A little while back we were visiting our elder daughter and her two small children in Essex. I took the opportunity to drive up to Suffolk, primarily to make a long overdue visit to my parents’ grave, and then to see Maggi Hambling’s sculpture “Scallop” on the beach just north of the seaside town of Aldeburgh.
I’ve known Aldeburgh for many years. My parents bought a holiday bungalow in Knodishall, a nearby village, not long after the end of World War II. We went there for weekends and longer summer holidays. My association with the town and the county ended more or less at the time of my father’s death in 1971. I return very infrequently now.
A rather strange place is Albeburgh. The past few centuries have seen most of what was evidently a large town and port eaten away by coastal erosion. It rests up against a bleak shingle beach, a beach now more or less clean but which in my day was heavily contaminated by oil discharged by shipping traffic in the North Sea. But the houses ... now the houses, some of them, have a prettiness about them. Even some charm and character, quaintness and querkiness. See for yourself on any of web sites designed to attract visitors. And it is not short of visitors, certainly in the summer months. And it is not short of people who have come to visit and then decided to stay there, usually to retire there I should say. And they are an odd lot indeed. Conservative, staid? Yes, but that is to put it mildly. The biggest problem for the crusty old colonel brigade is in fact Aldeburgh’s most famous son: that legendary English composer Benjamin Britten. He lies in his grave in the churchyard there, under a movingly simple headstone, next to his gay partner Peter Pears whose grave is similarly marked. A couple whose combined talent was complimentary and awesome. Yet I am left wondering to what extent it is actually appreciated by so many of those who have also made Aldeburgh a place to come to die. No doubt some do. But the others ...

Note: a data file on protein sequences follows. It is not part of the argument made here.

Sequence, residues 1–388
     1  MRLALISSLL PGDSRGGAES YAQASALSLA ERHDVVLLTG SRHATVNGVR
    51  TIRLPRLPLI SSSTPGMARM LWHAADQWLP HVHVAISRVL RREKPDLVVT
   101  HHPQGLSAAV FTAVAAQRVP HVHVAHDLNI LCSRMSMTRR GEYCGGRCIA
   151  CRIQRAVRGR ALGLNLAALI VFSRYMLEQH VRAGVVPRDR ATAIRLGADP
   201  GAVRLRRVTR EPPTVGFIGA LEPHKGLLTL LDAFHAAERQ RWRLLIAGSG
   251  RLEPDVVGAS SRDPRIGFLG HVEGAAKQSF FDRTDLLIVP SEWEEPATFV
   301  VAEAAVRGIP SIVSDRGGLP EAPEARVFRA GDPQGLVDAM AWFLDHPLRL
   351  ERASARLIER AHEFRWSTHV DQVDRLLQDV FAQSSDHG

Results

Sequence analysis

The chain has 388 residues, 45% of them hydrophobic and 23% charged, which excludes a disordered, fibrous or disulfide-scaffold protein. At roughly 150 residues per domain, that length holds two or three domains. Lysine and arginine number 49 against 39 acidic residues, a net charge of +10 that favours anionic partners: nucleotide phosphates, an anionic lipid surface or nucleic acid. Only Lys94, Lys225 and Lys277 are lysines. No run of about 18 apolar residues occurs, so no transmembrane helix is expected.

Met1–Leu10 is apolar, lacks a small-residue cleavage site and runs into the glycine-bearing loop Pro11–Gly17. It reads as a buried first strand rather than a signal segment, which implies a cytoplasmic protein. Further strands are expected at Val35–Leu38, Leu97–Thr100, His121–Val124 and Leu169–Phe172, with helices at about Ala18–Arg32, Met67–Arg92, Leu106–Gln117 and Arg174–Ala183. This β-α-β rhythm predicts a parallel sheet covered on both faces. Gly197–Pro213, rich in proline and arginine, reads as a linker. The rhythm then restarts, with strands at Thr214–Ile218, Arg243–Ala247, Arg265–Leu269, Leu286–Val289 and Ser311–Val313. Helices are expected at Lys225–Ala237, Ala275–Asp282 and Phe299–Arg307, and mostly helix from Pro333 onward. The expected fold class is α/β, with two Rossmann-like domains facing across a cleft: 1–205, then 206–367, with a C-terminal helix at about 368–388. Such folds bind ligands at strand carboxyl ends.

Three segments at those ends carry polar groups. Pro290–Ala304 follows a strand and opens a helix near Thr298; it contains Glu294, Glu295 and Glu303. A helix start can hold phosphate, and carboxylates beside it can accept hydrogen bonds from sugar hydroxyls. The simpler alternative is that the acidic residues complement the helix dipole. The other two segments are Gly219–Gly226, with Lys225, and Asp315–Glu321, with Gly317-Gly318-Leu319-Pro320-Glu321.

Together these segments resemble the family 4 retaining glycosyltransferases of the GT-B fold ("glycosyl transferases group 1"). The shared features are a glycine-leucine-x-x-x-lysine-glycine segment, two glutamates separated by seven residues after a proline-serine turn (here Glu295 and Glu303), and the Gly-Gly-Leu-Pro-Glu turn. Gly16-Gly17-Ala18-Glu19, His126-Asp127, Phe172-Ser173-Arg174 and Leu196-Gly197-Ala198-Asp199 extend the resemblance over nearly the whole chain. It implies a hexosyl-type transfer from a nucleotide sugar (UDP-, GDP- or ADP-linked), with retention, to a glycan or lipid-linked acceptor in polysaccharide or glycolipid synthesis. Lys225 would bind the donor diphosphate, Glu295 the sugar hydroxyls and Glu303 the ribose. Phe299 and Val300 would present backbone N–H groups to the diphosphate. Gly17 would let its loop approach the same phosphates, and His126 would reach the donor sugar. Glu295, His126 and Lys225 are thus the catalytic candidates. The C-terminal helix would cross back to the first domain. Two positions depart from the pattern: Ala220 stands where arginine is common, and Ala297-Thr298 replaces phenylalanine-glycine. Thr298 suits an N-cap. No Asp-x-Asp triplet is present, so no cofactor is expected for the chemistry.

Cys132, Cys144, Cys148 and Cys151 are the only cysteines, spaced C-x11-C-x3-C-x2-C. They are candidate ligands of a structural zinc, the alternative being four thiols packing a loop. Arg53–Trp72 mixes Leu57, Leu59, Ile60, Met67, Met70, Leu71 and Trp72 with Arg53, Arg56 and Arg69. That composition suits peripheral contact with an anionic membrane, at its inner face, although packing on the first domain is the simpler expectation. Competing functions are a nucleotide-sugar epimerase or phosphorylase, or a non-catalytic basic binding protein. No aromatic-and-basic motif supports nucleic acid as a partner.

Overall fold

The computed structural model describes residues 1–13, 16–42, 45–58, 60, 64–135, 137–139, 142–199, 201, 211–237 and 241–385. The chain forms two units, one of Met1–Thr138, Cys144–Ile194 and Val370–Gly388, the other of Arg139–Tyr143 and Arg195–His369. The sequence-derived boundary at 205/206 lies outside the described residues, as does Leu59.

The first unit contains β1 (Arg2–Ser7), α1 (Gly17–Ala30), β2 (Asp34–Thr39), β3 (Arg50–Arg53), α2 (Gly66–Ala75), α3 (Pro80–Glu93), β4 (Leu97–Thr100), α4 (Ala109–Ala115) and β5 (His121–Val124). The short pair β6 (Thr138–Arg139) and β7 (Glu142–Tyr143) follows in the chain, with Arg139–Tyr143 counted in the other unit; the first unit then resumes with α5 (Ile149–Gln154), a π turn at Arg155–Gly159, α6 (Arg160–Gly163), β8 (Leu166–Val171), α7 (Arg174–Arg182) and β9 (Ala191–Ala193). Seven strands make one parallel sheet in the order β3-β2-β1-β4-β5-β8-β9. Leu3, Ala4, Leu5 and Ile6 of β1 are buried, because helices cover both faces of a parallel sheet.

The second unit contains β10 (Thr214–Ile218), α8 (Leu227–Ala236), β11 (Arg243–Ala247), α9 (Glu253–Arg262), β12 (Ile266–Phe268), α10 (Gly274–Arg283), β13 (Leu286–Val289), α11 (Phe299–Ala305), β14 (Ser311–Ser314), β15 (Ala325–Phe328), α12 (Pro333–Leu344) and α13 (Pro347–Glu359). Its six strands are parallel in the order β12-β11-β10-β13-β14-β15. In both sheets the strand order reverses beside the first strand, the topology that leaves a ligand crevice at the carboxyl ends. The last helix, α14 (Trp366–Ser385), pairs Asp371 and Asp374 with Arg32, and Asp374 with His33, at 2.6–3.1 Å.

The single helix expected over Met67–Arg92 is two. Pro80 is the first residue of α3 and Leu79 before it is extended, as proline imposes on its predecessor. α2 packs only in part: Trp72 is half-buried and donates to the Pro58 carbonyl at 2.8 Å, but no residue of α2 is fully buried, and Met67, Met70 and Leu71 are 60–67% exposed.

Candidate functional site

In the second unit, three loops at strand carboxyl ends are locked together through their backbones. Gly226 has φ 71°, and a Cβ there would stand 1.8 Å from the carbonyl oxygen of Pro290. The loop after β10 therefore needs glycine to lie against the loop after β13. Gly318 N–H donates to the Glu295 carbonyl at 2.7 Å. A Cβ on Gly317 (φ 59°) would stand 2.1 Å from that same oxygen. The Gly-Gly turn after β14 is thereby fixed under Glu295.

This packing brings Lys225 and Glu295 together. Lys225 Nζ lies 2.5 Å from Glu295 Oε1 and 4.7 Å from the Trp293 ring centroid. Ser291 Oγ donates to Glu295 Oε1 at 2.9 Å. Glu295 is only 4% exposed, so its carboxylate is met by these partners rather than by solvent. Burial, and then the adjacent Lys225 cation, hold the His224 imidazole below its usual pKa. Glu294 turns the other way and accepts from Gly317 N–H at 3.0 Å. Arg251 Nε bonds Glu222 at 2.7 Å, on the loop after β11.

Perhaps this is best considered in the context of what was, until Maggi made her mark, probably the best known sculpture in the town. I don’t know who made it, but I do know that it was – is – a memorial to a local GP’s dog. It squats by the children’s boating pond to one side of the Moot Hall and is called, would you believe it, “Snooks”. He and his master must have died a long time ago, because he was squatting there when I was a very little boy indeed. And if the townspeople hold it in the regard that they clearly do, then it is easy to understand why what Maggi has created on their wretched beach has vexed them so.
I hear those voices that will not be drowned. Says it all, really